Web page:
Rudy and Nancy Montoya of West Jordan called Sandy police at 12:52 p.m., after they recognized Mitchell from FOX television's "America's Most Wanted." They said they did not recognize Elizabeth because the girl wore a wig and a dingy white burka that hid her face.
One minute later, police received a second call from Alvin and Anita Dickerson of Sandy. Both couples were walking out of a Kinko's store.
Following an "evasive" conversation with the three, four Sandy police officers determined the girl was Elizabeth, said Sandy Police Chief Stephen Chapman. The Montoyas said they had not even thought about the $295,000 in rewards related to Elizabeth's discovery.
"We both just cried because Elizabeth was back with her family," Nancy Montoya said.
Ed Smart reunited with his daughter at the Sandy Police Department, after receiving a cryptic phone call from officers to "come quick -- it's something important," said Smart family spokesman Chris Thomas.
The father held his daughter during the entire ride to police headquarters in downtown Salt Lake City, where she was interviewed extensively before being taken to a hospital.
"They took me to the room, when I opened the door she was there," Ed Smart told reporters in front of his home. "I just couldn't believe it ... We just had a big hug."
Mitchell and Barzee spent the night at the Salt Lake County Jail, where they were, after hours of intensive police interrogation, booked on suspicion of aggravated kidnapping. Mitchell was also wanted on a warrant for shoplifting in Salt Lake City in 2002.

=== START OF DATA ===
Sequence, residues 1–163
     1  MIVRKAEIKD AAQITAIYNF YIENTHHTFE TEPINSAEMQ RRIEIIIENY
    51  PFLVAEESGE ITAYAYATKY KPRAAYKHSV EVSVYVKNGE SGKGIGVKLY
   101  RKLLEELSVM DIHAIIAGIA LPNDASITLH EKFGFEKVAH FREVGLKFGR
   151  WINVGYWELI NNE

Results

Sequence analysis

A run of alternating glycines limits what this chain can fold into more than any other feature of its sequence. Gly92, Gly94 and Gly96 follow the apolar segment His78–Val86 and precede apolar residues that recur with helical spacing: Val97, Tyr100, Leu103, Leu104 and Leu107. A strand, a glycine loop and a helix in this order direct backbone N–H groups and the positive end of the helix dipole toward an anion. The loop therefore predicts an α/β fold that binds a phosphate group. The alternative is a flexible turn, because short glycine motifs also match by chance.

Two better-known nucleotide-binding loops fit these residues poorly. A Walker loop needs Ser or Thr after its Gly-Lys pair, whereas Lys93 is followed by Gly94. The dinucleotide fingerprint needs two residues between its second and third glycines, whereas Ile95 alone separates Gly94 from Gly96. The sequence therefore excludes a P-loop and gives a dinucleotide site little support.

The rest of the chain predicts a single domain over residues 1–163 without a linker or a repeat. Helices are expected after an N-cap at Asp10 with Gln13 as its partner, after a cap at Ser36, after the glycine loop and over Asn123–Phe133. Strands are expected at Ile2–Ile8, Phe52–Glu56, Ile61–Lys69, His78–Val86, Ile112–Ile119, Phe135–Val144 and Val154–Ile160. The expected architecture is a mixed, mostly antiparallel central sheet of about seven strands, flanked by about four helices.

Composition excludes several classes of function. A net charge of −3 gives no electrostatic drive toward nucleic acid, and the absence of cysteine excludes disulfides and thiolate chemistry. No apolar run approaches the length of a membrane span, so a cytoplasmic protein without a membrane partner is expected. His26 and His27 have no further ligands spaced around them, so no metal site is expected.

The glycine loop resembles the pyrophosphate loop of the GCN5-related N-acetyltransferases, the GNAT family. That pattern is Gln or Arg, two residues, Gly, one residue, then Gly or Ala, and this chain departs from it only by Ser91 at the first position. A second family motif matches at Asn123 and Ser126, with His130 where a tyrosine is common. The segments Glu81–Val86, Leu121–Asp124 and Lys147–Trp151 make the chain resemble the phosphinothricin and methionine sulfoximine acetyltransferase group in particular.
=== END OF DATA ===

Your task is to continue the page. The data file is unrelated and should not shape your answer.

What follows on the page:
Thomas, who joined the reunion between Elizabeth and her parents, said the girl was "very healthy, very smart, very articulate. She definitely wanted to come home."
Thomas said Ed Smart was struck "by how much she had grown up."
Although few details have emerged about where Elizabeth has been, Thomas said Elizabeth had been taken to San Diego, Florida and spent time in an unknown desert. "They camped a lot and traveled," Thomas said.
If that is true, Mitchell and Barzee could face federal kidnapping charges because they crossed state lines, said U.S. Attorney Paul Warner. The pair could also face state charges. Both carry sentences of up to life in prison.
Mitchell -- once a common sight in downtown Salt Lake City, wearing his ankle-length robe while panhandling -- was apparently living in the hills behind the Smart's neighborhood days before Elizabeth disappeared.
Salt Lake County resident Layne Meacham said he offered a ride to Mitchell and a woman who were walking near Brickyard Plaza last spring. Meacham said he accompanied them as they shopped for groceries at Harmon's, but Mitchell refused Meacham's money, saying the "Lord" would provide.
Meacham said he then drove the couple to Primary Children's Medical Center, where they took a footpath into the hills. Meacham said they told him that was where they were living.
"I said, 'Adios amigo,' and he said, 'The Lord be with you,'" Meacham recalled.
He said the man was soft-spoken, shy and talked about how he had been called to serve Jesus.
After Elizabeth was found Wednesday, people in Utah and California said they recalled seeing Mitchell with Elizabeth during the past several months.